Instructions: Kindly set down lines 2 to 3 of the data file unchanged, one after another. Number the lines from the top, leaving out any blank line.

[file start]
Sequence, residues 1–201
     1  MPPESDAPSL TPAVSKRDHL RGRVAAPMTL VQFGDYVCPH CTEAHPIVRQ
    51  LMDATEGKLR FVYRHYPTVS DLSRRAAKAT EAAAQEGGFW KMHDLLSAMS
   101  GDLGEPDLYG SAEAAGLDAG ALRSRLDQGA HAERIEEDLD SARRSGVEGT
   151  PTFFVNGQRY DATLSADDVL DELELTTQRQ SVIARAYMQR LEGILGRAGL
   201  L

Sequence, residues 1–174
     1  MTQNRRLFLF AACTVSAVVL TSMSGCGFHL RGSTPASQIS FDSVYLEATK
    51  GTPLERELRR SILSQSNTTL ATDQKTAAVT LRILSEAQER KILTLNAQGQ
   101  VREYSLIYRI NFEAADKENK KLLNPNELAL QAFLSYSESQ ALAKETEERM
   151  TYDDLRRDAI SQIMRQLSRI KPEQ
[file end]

     1  MPPESDAPSL TPAVSKRDHL RGRVAAPMTL VQFGDYVCPH CTEAHPIVRQ
    51  LMDATEGKLR FVYRHYPTVS DLSRRAAKAT EAAAQEGGFW KMHDLLSAMS